Check Bert Krages' Photographer's Right flyer and his book, "Legal Handbook for Photographers" (available through a link in the "Recommended Reading" section below, right-hand column) for more information on your rights.

Thanks to Don Millbranth and Cody Hilton for submitting this topic.

Expectation of Privacy in France

A French appeals court ruled that a photographer violated Princess Diana and Dodi Fayed's expectation of privacy by taking photos of them kissing while they were on a yacht. The photographer's attorney said "the ruling is extremely questionable legally . . . we have high hopes that the supreme court will overturn this strange ruling." A US Court likely would have come down differently (compare the case discussed in my September 18 blog).

Trademarks in Art - Another Controversy Arises

The Washington Post reports on another incident where an artist is asked to remove trademarks from his painting. The dispute arose after Jason Swain painted a tribute to Sean Taylor, the Washington Redskins football player, who was shot last November.





Swain's Painting at Issue

The issue as to whether artists may include trademarks in their work is unresolved. Sadly, "Swain is afraid the Redskins will take legal action against him, so he has consulted with an intellectual-property lawyer and taken the painting off the market." As previously reported in my February 20th blog, Daniel Moore continues his fight for the same.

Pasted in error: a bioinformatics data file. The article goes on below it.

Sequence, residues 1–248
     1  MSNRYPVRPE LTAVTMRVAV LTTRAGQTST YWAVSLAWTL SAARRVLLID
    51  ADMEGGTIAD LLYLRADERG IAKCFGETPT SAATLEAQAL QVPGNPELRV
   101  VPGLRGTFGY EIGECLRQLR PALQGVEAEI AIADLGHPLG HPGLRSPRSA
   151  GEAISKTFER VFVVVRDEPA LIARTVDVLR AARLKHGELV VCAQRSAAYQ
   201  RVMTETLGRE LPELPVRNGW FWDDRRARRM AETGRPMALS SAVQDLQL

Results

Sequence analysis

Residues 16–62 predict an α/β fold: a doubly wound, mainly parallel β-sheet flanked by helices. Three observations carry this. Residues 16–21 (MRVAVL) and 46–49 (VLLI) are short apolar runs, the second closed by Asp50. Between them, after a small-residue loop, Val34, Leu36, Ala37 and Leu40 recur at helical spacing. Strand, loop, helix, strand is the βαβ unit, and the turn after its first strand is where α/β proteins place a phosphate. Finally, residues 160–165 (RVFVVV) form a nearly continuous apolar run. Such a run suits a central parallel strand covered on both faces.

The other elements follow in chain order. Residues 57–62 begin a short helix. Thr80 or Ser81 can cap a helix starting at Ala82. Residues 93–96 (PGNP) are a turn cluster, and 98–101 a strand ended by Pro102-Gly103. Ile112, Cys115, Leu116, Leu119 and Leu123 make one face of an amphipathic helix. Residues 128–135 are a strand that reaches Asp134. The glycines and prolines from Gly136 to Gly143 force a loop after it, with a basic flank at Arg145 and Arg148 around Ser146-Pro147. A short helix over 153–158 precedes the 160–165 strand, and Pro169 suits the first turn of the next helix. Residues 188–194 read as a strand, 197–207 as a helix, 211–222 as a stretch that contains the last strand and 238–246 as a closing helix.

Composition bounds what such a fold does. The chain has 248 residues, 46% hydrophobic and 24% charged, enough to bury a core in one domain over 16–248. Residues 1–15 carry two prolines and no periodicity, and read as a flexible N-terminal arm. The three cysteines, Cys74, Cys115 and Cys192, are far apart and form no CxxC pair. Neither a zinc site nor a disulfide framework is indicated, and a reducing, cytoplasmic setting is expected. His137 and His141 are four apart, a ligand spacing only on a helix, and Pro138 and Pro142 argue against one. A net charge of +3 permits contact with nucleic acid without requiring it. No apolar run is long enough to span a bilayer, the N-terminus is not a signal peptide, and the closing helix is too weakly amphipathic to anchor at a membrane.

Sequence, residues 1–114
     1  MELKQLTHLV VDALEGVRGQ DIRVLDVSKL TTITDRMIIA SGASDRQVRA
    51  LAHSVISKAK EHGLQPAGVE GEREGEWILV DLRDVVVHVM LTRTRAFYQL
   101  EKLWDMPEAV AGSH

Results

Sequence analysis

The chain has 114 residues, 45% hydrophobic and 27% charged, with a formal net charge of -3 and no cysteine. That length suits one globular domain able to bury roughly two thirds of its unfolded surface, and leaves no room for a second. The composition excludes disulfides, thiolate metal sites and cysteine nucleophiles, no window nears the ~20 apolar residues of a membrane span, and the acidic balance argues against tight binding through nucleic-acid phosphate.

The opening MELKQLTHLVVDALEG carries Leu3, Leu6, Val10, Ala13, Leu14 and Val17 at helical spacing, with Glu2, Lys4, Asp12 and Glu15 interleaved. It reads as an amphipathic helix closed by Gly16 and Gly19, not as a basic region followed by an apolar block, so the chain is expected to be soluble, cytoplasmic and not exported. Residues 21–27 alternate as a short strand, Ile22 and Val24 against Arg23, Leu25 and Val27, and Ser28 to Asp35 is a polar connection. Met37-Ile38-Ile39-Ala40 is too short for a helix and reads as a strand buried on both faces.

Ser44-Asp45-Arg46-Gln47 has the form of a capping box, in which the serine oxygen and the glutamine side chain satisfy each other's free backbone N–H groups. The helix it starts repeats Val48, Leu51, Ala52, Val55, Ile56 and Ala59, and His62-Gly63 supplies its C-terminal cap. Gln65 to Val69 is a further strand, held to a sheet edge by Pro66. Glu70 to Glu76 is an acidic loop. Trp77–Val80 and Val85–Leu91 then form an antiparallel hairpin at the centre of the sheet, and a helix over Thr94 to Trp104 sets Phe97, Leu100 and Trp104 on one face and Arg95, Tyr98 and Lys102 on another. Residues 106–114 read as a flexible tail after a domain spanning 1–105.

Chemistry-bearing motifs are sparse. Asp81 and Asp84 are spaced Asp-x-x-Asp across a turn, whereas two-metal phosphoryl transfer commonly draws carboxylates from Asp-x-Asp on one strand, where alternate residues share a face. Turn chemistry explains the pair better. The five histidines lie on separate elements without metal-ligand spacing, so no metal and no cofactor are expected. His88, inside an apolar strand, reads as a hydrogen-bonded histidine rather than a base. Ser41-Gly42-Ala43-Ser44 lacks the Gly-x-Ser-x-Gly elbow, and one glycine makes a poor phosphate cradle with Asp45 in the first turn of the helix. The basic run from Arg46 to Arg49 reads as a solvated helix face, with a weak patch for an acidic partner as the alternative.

Sep 18, 2008

"Reasonable Expectation of Privacy Issues" for Photographers

As discussed in an earlier blog, privacy issues can be divided into four areas. The first area, invasion of privacy, generally occurs for photographers when taking the photo.

But you violate someone's "right of privacy" only when that person has a "reasonable expectation of privacy." As put forth in the Restatement of Torts 2d, Section 652B, a violation occurs with:

"The intentional intrusion upon the solitude or seclusion of another or his private affairs or concerns that would be highly offensive to a reasonable person." Each state may adopt this section in whole or in part.

The use of the term "highly offensive" is key. When someone is in public, even if on private property with limited access, that person likely doesn't have an expectation of privacy.

Take, for example, the case, Furman v. Sheppard, from Maryland. Furman had sued Sheppard for personal injuries. Sheppard trespassed onto private property at the Maryland Yaught Club to videotape Furman while he was on a boat. Furman thus claimed Sheppard violated his expectation of privacy. The court disagreed.